Indian artists, on their part, welcomed the opportunity to work for their new British patrons, especially because the traditional patronage of Indian rulers and their courts was rapidly declining. While adopting some features of western art they took care to preserve traditional elements. Since their own skills were more than adequate, they did not need formal training from the British. However, they gave up using gouache in favour of European paper and changed colour patterns to replace the brilliant hues of miniature painting with mute tones and sepia washes which appealed to the British.

The first European professional artist to devote himself to the neglected field of drawing true-to-life pictures of Indian people of different classes and professions was Balthazar Solvyns at Calcutta. He made a comprehensive study of the Indian communities and their occupations and produced 250 colour etchings (1799). His work was not only of great historic value but it had also a tremendous influence on the fortunes of Indian painters who were then seeking patronage of the emerging English masters. They looked for subjects that would appeal to their British clients and they found Solvyn's sketches as the best guide.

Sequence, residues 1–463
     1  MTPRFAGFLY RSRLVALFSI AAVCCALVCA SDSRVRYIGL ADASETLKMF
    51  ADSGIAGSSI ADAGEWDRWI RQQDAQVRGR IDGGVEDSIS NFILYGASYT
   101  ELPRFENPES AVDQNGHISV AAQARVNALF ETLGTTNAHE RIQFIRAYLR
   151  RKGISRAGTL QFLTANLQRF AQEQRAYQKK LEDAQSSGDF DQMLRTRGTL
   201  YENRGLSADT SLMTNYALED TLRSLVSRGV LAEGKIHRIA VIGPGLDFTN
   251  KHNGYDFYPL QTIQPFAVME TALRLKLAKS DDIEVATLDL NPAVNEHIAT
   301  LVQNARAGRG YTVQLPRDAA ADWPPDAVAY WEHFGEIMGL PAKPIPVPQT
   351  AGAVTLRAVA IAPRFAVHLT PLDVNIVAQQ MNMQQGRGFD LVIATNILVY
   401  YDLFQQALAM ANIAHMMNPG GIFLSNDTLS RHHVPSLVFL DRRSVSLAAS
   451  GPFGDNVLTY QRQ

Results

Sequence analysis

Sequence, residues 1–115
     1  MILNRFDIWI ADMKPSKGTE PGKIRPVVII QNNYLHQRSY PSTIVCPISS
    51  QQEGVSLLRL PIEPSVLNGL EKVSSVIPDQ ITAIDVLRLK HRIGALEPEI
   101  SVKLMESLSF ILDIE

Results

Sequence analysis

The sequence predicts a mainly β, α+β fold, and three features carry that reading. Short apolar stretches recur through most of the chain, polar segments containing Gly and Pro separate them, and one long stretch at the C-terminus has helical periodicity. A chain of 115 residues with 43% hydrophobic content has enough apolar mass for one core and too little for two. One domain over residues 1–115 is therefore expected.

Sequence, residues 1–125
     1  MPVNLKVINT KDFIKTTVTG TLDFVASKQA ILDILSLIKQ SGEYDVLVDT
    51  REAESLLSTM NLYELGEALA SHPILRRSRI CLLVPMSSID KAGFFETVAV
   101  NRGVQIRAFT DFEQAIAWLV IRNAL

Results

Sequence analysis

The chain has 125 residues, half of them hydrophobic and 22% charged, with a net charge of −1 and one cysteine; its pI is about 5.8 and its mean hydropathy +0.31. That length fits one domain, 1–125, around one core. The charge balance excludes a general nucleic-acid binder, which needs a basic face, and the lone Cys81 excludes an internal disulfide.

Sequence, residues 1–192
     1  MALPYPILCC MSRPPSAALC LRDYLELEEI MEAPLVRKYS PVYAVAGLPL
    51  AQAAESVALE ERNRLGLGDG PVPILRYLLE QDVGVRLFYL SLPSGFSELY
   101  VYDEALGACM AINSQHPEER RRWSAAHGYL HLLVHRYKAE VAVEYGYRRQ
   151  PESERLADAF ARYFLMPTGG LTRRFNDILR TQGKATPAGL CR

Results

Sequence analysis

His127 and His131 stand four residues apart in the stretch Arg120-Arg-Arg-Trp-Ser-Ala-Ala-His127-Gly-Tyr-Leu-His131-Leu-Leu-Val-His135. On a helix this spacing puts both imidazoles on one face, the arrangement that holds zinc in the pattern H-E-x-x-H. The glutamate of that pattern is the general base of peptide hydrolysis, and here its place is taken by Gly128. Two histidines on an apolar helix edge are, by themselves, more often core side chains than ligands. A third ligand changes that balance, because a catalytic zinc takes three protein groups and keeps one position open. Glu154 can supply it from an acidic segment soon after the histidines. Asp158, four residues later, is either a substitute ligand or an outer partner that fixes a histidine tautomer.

One of the most remarkable manuscripts covering trades, occupations and social classes is Tasrih- al-Aqvam by Col. James Skinner. It is an outstanding work in Persian dealing with the castes, sects and tribes of Punjab. Skinner was one of the most glamorous personalities of the Raj. Famous for his 'Skinner's Horse,' he was the son of a Scottish father and Rajput mother, and had opted for an Indian lifestyle with an estate at Hansi near Delhi. A Persian scholar and a great patron of Indian arts, he commissioned several native artists to work for him. The Tasrih- al-Aqvam is profusely illustrated with paintings in the Delhi 'Company' style combining European naturalism in the human figures with certain Indian elements. The medium of painting is watercolour on paper which is pasted on card and bound in leather.

Another remarkable collection of paintings by Indian artists as commissioned by British patrons is the Fraser Album discovered in 1979 in Scotland. These marvellous paintings of great aesthetic merit were commissioned by James Fraser (1783-1856), a gifted amateur artist himself, and his brother William Fraser (1784-1835) then stationed in Delhi as an assistant to the British Resident. With over a hundred water colours this album portrays a wide range of Indian characters and the pattern of everyday life in Delhi. These fine portraits are noteworthy for their striking likeness and graphic detail that captured every last detail of hair and wrinkle and also the subject's mood and expression - a rare combination of humanity and realism transcending the common depiction of human figures.

Contents

 

Introduction 7
First View of India 15
The Sahib’s Lifestyle 33
Shikar and Animal Fights 47
Festivals and Amusements 57
Dance and Music 75
Caste and Occupations 91
Portrayal of Indian Women 107
Modes of Travel 123
About the Artists 133
Glossary 154
Bibliography 155

Sample Pages